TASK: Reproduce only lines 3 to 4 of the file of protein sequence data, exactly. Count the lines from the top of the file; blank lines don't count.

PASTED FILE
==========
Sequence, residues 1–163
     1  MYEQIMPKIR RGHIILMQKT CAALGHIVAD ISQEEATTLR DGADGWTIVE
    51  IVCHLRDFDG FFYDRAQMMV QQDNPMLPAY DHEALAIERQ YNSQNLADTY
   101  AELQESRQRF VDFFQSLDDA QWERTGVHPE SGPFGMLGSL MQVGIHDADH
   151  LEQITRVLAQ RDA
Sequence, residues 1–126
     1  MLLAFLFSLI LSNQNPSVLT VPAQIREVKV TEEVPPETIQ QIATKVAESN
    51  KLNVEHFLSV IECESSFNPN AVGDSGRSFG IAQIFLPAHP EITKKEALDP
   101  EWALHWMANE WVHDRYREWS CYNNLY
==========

    51  IVCHLRDFDG FFYDRAQMMV QQDNPMLPAY DHEALAIERQ YNSQNLADTY
   101  AELQESRQRF VDFFQSLDDA QWERTGVHPE SGPFGMLGSL MQVGIHDADH